Review Summary: The Faint are still pros at crafting innovative electronica-rock that is more dance-y than most contemporaries, but Fasciinatiion is a hit-or-miss affair.
The Faint have released their first album in four years in true DIY fashion, recording, producing, and releasing it on their own label, blank.wav after leaving Saddle Creek. Fans will be happy to know that their sound hasn’t changed all that much; there’s still a heavy amount of vocoder, dark lyrics that fit the industrial moods and tones of their bleep-and-blip electronica, and more synths than you can shake a Depeche Mode record at.
Unlike their previous three albums, Fasciinatiion doesn’t really have any overarching theme, instead jumping around from childhood injuries to the (yawn) price of fame to the (bigger yawn) problems of mixing religion with war. The Faint have always been at their best when their lyrics coincide with their music, and when it comes to their shadowy, instinctive brand of electronica, those themes have normally been primal and violent (see “Erection” or “Drop Kick The Punks” from Wet From Birth or anything from Danse Macabre). Although variety is to be commended, it’s always been more about the feeling with the Faint than with the message.
On some songs, however, the beats are sexy enough to keep the band afloat, as on opener “Get Seduced,” which has some of the dirtiest synths of the year whirling around about the halfway mark, and the buzzing, throbbing guitar rhythms on the following “The Geeks Were Right.” The best song of the bunch, however, is easily the unusually poppy “Psycho,” a jumpy, surprisingly major-key apology with the catchiest chorus on the record.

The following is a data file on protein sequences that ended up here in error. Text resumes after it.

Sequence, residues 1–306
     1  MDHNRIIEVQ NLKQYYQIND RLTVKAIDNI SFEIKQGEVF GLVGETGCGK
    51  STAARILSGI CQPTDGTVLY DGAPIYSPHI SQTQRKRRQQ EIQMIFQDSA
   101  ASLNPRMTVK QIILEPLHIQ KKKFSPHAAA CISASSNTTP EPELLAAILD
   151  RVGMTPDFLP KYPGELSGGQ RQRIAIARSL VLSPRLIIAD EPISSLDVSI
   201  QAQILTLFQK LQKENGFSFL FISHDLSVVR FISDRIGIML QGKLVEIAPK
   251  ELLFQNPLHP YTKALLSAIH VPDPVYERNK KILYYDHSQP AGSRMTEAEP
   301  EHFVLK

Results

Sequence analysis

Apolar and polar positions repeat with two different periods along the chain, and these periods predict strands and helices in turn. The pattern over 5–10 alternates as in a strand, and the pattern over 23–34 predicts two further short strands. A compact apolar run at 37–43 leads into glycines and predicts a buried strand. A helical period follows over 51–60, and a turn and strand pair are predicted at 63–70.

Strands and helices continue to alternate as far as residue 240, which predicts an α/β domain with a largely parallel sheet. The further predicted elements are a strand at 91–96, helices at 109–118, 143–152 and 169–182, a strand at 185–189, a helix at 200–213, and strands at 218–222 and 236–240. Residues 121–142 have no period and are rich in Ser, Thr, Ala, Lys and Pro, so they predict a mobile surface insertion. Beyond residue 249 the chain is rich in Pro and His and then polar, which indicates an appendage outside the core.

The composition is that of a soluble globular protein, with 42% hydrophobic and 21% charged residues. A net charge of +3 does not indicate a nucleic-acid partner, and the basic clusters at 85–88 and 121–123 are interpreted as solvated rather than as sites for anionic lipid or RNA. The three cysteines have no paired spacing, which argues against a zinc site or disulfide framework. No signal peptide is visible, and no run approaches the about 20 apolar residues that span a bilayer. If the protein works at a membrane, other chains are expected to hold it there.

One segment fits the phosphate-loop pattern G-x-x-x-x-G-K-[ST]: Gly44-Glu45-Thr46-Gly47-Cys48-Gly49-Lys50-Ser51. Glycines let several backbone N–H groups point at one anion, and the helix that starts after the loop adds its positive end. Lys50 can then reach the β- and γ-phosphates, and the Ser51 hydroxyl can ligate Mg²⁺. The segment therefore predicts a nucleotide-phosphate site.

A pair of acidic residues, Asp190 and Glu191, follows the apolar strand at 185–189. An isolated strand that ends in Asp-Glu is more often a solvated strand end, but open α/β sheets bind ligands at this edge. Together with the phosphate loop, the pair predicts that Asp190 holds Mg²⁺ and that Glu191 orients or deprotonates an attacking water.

Like Wet From Birth, the Faint’s previous effort, however, Fasciinatiion is more than a little uneven. “Fulcrum and Lever,” the aforementioned song about an accident in singer Fink’s childhood, is a story in the mold of “Desperate Guys” from Wet From Birth, but unlike that song’s ADHD-violin/drum machine beat, the song trudges along on a mess of gnarled synths and buries Fink’s voice in layers of reverb to the point where there is little difference between verse and chorus.
On “Mirror Error,” one of the record’s bouncier tracks, Fink sings, quite self-consciously, “I might distort myself a bit.” Fink’s voice is certainly more than a little distorted throughout the course of the record, and the worst songs are those that reduce his distinctive pipes to a robotic caricature like the above “Fulcrum and Lever” or the preachy, uninspired “A Battle Hymn for Children,” which has one of the worst beats on the album.
However, the Faint are still pros at crafting innovative electronica-rock that is more dance-y than most contemporaries. While some tracks might drop into boredom (“I Treat You Wrong”) and others build up without really going anywhere (“Fish in a Womb”), the syncopated keyboards and the shouted chorus of “Machine in the Ghost” and the guitar crunch and speeded-up feedback of “Forever Growing Centipedes” are proof that, if everything else fails, the Faint can make a tidy sum moonlighting at a rave.